How Did Apple Get iTV So Wrong?


Forbes has a long story on how Apple (NSDQ: AAPL) got its iTV player wrong, and what led to the flop. Pertinent in light of, among other things, Sling Media’s buyout by Echostar (NSDQ: DISH). Sling operates in a similar market. This explanation is good: “Revered for sleek and snazzy products, the company and its man-in-black patriarch made a string of dubious choices about what features to include. And what to leave out. Apple TV comes with a hard drive and a link to the TV set, same as TiVo (NSDQ: TIVO) (now in 4.3 million homes). Yet Jobs decided against offering the ability to record shows. Worse, Jobs chose to shut out millions of Web downloads on YouTube and elsewhere and confined Apple TV to handling only the content you could get through Apple’s own iTunes. This parochial and proprietary approach, in an increasingly open, Internet-infused world, had relegated the company’s Macintosh line to a narrow slice of sales. Yet it also had let the iPod dominate online music, which may be why Jobs believed he could pull off the same thing in video. Wrong.”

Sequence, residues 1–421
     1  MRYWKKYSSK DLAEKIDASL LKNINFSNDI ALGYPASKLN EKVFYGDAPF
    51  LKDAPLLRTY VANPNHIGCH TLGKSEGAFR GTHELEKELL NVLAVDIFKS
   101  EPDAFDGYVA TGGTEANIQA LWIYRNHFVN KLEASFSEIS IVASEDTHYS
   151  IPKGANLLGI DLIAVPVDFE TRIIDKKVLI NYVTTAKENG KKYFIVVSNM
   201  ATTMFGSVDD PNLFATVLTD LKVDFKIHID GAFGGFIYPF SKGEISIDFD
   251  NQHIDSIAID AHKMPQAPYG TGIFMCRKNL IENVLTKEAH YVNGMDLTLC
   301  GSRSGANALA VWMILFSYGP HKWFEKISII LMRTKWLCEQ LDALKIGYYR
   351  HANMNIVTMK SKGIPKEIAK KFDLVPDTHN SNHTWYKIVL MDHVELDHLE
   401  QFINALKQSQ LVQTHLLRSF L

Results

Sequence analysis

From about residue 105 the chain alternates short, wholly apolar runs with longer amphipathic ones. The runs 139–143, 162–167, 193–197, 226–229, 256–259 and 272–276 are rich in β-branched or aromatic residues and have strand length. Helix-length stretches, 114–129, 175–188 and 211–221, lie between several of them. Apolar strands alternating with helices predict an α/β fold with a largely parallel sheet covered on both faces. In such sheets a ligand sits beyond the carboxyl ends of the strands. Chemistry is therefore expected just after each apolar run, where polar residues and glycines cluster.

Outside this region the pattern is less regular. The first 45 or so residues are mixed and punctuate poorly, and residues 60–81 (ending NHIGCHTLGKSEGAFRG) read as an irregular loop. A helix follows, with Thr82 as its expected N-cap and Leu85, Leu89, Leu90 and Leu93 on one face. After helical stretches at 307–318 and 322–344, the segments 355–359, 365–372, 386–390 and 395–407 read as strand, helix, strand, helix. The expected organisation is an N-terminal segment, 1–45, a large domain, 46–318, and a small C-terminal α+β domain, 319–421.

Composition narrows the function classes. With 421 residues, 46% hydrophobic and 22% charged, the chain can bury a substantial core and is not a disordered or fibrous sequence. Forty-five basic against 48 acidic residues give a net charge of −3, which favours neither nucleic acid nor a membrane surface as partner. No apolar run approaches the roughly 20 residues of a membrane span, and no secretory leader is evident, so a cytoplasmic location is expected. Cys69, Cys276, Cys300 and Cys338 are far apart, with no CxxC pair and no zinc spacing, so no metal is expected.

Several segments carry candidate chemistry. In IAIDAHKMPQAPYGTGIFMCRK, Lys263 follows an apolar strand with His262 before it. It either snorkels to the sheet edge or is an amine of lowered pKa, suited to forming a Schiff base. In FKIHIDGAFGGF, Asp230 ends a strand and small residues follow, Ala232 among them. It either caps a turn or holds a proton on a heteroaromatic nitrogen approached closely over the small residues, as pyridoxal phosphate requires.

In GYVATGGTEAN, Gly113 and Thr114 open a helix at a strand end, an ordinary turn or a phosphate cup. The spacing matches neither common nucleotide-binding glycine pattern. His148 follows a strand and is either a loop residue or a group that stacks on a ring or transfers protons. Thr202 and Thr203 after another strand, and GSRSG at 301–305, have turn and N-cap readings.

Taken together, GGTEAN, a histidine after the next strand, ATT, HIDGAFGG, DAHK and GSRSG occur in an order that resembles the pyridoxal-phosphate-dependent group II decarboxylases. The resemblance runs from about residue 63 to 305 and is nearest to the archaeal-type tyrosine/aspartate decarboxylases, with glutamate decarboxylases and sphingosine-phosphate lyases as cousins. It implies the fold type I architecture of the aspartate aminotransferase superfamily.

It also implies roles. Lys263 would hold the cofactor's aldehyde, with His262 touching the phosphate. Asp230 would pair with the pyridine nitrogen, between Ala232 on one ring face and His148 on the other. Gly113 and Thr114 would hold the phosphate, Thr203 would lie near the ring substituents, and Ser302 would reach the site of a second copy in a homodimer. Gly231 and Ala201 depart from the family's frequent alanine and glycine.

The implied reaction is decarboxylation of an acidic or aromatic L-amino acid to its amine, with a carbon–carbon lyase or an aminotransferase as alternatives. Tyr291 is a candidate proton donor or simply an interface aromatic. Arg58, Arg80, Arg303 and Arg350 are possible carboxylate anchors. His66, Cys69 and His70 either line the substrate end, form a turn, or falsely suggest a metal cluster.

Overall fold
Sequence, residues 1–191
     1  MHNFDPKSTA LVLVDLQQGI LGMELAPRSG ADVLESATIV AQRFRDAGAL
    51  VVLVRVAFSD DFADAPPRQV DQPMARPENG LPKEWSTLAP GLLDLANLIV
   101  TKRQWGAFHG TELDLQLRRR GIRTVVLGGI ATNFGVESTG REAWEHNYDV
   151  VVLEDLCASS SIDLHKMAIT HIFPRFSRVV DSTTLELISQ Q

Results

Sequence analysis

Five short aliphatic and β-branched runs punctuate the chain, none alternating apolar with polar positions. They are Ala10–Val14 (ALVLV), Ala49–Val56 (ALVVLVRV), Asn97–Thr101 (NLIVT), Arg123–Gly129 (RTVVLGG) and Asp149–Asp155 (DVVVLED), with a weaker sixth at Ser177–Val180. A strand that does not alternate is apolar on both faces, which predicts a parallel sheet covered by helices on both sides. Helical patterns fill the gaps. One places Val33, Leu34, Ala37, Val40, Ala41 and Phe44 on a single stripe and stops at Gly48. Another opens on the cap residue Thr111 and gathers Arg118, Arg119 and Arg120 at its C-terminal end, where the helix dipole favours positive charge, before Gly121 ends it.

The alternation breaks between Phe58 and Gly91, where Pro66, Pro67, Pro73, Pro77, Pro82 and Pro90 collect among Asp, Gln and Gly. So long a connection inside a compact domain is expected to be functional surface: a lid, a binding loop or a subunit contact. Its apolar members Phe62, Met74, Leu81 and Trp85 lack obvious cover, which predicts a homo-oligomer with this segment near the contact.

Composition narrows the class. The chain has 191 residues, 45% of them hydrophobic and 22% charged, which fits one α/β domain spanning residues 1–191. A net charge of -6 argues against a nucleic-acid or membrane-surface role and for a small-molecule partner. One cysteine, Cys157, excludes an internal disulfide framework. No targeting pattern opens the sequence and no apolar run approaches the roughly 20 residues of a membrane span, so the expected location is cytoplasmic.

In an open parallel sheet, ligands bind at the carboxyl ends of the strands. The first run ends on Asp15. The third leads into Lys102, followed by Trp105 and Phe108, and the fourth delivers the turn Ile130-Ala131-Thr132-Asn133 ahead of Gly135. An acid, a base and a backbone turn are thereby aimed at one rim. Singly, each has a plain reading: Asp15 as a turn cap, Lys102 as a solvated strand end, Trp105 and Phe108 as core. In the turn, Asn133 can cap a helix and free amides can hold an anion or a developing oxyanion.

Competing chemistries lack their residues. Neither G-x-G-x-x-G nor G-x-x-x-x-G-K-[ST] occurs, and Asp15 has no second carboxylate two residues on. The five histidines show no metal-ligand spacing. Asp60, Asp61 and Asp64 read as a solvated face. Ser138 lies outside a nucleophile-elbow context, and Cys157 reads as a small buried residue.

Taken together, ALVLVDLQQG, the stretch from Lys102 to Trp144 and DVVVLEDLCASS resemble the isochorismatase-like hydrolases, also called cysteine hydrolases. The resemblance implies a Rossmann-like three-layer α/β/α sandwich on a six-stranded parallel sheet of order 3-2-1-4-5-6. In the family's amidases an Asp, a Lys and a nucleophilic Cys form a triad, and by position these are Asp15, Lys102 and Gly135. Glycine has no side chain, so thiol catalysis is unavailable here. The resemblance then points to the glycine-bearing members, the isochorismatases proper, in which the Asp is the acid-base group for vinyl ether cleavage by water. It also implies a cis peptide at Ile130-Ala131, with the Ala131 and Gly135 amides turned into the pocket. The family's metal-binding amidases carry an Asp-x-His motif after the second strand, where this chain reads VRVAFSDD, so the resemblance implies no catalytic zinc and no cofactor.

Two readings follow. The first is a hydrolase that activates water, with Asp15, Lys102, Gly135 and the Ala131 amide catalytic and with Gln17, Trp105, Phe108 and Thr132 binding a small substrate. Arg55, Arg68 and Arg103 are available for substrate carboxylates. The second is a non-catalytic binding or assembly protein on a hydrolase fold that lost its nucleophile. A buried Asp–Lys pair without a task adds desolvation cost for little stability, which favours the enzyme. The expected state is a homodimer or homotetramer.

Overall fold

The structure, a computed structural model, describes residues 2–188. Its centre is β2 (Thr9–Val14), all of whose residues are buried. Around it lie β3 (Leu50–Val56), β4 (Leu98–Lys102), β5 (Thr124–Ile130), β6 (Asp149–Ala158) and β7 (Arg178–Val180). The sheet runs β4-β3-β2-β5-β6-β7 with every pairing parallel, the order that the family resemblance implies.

On the costs. Apple struggled. It wanted to keep the price low at $300, but that resulted in cheaping out on components. The first box had 40 GB drive to store fewer than 50 hours at standard-def, and an older, slower Intel (NSDQ: INTC) chip. Even then the box’s insides cost a total $237, says research firm Isuppli. That left a scant $62 in gross profit, or 20 percent, to be split by Apple and retailers (half Apple’s typical 37 percent gross margin). The stores went along, but when Apple TV faltered, they had even less incentive to push the new product, the story says.